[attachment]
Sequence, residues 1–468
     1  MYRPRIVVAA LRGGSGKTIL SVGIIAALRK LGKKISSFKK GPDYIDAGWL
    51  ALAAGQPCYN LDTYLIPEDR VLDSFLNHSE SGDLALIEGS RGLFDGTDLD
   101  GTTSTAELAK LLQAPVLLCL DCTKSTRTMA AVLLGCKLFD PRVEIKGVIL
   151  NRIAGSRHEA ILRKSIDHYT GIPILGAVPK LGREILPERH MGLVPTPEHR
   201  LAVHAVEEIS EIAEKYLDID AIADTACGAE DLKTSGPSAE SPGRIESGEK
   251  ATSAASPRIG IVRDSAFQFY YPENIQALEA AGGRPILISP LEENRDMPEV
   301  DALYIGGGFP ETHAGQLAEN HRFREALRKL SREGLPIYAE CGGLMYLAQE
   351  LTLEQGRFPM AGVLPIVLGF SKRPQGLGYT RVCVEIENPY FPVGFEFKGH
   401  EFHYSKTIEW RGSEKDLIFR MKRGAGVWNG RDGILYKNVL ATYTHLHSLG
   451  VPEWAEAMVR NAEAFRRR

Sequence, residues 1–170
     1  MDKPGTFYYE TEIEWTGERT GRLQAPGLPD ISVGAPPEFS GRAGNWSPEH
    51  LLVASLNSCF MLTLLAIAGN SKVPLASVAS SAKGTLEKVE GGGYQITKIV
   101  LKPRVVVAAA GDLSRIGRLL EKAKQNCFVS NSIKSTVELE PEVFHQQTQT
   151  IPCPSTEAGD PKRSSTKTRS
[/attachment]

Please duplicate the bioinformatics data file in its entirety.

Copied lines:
Sequence, residues 1–468
     1  MYRPRIVVAA LRGGSGKTIL SVGIIAALRK LGKKISSFKK GPDYIDAGWL
    51  ALAAGQPCYN LDTYLIPEDR VLDSFLNHSE SGDLALIEGS RGLFDGTDLD
   101  GTTSTAELAK LLQAPVLLCL DCTKSTRTMA AVLLGCKLFD PRVEIKGVIL
   151  NRIAGSRHEA ILRKSIDHYT GIPILGAVPK LGREILPERH MGLVPTPEHR
   201  LAVHAVEEIS EIAEKYLDID AIADTACGAE DLKTSGPSAE SPGRIESGEK
   251  ATSAASPRIG IVRDSAFQFY YPENIQALEA AGGRPILISP LEENRDMPEV
   301  DALYIGGGFP ETHAGQLAEN HRFREALRKL SREGLPIYAE CGGLMYLAQE
   351  LTLEQGRFPM AGVLPIVLGF SKRPQGLGYT RVCVEIENPY FPVGFEFKGH
   401  EFHYSKTIEW RGSEKDLIFR MKRGAGVWNG RDGILYKNVL ATYTHLHSLG
   451  VPEWAEAMVR NAEAFRRR

Sequence, residues 1–170
     1  MDKPGTFYYE TEIEWTGERT GRLQAPGLPD ISVGAPPEFS GRAGNWSPEH
    51  LLVASLNSCF MLTLLAIAGN SKVPLASVAS SAKGTLEKVE GGGYQITKIV
   101  LKPRVVVAAA GDLSRIGRLL EKAKQNCFVS NSIKSTVELE PEVFHQQTQT
   151  IPCPSTEAGD PKRSSTKTRS